Deep in the guts of most men is buried the involuntary response to the hunter’s horn, a prickle of the nape hairs, an acceleration of the pulse, an atavistic memory of his fathers, who killed first with stone, and then with club, and then with spear, and then with bow, and then with gun, and finally with formulae. — Horn of the Hunter, Robert Ruark
If the horn of the hunter has ever elevated the heart, got you out of bed at 4 am with one leap, made the palms just a bit sweaty, the heartbeat faster, the coffee smell like a living thing, and the anticipation of that big unknown define what it is to be really alive — then you will understand Robert Ruark’s famous quote above. If it is your first Buffalo hunt, then it is all of this and more, IN CAPITAL LETTERS.
I was recently the guest of Andrew Pringle’s Crusader Safaris / Jacques Louw and team, at the Balule. In the interests of brevity, I will keep this note short. But some perspective and backdrop IS important. As I alluded to above, this was my first Buffalo hunt. A goal and dream I have looked forward to and felt I had possibly earned, after two decades of plains game hunting. This is the ultimate test. The anticipation and apprehension were very real for me.
Were I to be as established, creative or experienced an author as Mr Roark; I could not have scripted my hunt and the whole experience any better. A spotless camp, incredible food, a roaring fire and professional but relaxed demeanour of all the whole team — the setup is fantastic. This is the veld and the environment where you want to hunt Buffalo!
But the real deal is when you are on foot, tracking spoor, and you’re in the hands of the people around you, seeking that incredible animal. I have hunted with Rad Robertson of Crusader Safari’s before, and he is without a doubt one of the finest, if not the finest Buffalo hunt PH around. His absolute unwavering commitment to do everything the right way, safely, and to make sure it would only be a perfectly suitable specimen, is an example to all and defines ethical hunting — the hard, but right way.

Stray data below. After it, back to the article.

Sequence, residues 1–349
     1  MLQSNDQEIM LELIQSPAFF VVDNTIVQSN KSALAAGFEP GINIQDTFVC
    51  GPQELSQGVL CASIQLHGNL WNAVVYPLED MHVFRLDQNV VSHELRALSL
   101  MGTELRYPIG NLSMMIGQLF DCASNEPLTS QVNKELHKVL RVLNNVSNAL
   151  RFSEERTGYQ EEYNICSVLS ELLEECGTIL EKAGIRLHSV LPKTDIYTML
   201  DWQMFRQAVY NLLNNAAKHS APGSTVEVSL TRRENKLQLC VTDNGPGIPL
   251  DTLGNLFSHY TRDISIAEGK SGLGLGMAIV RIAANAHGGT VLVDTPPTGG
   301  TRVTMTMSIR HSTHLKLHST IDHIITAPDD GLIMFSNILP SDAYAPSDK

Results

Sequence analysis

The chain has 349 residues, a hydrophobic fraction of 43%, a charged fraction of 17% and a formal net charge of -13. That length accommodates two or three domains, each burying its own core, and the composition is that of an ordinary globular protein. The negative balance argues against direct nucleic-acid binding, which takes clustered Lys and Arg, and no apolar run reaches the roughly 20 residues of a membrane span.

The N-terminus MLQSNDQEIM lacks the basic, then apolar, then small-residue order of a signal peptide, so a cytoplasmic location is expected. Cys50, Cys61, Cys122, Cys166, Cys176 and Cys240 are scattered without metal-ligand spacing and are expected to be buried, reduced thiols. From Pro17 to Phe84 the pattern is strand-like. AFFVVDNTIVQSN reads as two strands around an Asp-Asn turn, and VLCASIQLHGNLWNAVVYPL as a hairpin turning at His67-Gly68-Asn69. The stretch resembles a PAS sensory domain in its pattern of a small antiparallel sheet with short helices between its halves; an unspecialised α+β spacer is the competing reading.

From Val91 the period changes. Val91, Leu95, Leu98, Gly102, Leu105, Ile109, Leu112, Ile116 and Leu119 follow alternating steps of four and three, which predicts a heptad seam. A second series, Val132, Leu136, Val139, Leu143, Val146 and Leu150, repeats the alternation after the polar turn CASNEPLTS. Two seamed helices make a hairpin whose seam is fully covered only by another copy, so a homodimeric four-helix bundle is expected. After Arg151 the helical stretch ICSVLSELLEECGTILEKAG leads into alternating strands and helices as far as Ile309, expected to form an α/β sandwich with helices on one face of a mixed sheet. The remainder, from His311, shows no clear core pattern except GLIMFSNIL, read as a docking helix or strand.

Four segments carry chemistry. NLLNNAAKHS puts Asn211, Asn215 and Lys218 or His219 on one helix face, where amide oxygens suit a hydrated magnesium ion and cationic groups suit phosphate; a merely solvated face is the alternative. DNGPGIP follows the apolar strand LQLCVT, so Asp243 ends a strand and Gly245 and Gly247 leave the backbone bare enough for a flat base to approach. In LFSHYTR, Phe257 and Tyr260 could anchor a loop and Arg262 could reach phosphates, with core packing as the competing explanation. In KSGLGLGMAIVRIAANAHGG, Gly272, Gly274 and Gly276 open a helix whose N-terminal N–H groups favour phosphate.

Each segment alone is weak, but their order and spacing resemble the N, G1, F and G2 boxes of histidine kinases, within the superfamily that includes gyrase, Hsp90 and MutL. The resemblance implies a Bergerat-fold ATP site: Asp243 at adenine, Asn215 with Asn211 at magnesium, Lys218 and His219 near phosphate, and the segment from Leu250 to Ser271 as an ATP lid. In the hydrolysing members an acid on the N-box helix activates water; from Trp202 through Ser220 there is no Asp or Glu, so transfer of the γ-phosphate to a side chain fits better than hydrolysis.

His comrade in arms on this hunt, Jacques, is a white bushman and a completely astounding spoor wizard, not to mention a khaki-clad encyclopaedia of bushveld lore and knowledge, that he graciously, broadly and freely shared. As a team, they have an almost sixth sense or understanding of where to be, what to do, and how best to approach each and every possible situation.
In the end, I got my Buffalo — and to my great relief and pride, acquitted myself professionally when the moment came. You are as good as your team though…The result was a wonderful old Bull, after few long hard days of pursuit on foot, much good and bad luck, a lot of lessons learned, and a deep appreciation of the privilege of the free-range Buffalo Hunt experience.
This note is a small token of my thanks and appreciation, but I think it is important to acknowledge excellence, passion and unique skills when one has the great good fortune to experience them. In your camp, staff and in particular Jacques, you are blessed with the best of the bunch.
Thank you – it was a pinnacle life experience. One I shall always remember and cherish.